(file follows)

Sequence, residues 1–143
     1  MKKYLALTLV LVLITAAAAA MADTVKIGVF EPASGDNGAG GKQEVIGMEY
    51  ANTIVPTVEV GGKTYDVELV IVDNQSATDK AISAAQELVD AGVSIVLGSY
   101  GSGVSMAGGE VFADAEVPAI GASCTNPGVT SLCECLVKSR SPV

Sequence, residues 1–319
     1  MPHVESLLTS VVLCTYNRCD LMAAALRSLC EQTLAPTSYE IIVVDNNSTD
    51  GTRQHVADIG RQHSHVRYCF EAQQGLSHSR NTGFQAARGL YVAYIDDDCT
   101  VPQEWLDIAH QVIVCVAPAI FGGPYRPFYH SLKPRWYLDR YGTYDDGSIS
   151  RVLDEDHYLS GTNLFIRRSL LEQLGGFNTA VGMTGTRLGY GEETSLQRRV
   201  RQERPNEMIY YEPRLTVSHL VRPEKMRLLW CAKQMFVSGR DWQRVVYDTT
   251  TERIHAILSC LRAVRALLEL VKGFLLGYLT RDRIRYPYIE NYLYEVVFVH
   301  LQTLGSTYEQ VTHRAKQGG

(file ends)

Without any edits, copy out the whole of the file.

Sequence, residues 1–143
     1  MKKYLALTLV LVLITAAAAA MADTVKIGVF EPASGDNGAG GKQEVIGMEY
    51  ANTIVPTVEV GGKTYDVELV IVDNQSATDK AISAAQELVD AGVSIVLGSY
   101  GSGVSMAGGE VFADAEVPAI GASCTNPGVT SLCECLVKSR SPV

Sequence, residues 1–319
     1  MPHVESLLTS VVLCTYNRCD LMAAALRSLC EQTLAPTSYE IIVVDNNSTD
    51  GTRQHVADIG RQHSHVRYCF EAQQGLSHSR NTGFQAARGL YVAYIDDDCT
   101  VPQEWLDIAH QVIVCVAPAI FGGPYRPFYH SLKPRWYLDR YGTYDDGSIS
   151  RVLDEDHYLS GTNLFIRRSL LEQLGGFNTA VGMTGTRLGY GEETSLQRRV
   201  RQERPNEMIY YEPRLTVSHL VRPEKMRLLW CAKQMFVSGR DWQRVVYDTT
   251  TERIHAILSC LRAVRALLEL VKGFLLGYLT RDRIRYPYIE NYLYEVVFVH
   301  LQTLGSTYEQ VTHRAKQGG